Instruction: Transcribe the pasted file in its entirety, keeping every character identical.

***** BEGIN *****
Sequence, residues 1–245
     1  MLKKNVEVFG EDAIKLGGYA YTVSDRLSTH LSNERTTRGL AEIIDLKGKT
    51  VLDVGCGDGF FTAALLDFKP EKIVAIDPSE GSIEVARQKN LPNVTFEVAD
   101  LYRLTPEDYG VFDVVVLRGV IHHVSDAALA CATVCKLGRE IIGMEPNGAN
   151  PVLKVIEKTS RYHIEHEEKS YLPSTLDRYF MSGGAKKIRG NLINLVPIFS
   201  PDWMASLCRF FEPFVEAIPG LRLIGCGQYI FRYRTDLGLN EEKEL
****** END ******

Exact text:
Sequence, residues 1–245
     1  MLKKNVEVFG EDAIKLGGYA YTVSDRLSTH LSNERTTRGL AEIIDLKGKT
    51  VLDVGCGDGF FTAALLDFKP EKIVAIDPSE GSIEVARQKN LPNVTFEVAD
   101  LYRLTPEDYG VFDVVVLRGV IHHVSDAALA CATVCKLGRE IIGMEPNGAN
   151  PVLKVIEKTS RYHIEHEEKS YLPSTLDRYF MSGGAKKIRG NLINLVPIFS
   201  PDWMASLCRF FEPFVEAIPG LRLIGCGQYI FRYRTDLGLN EEKEL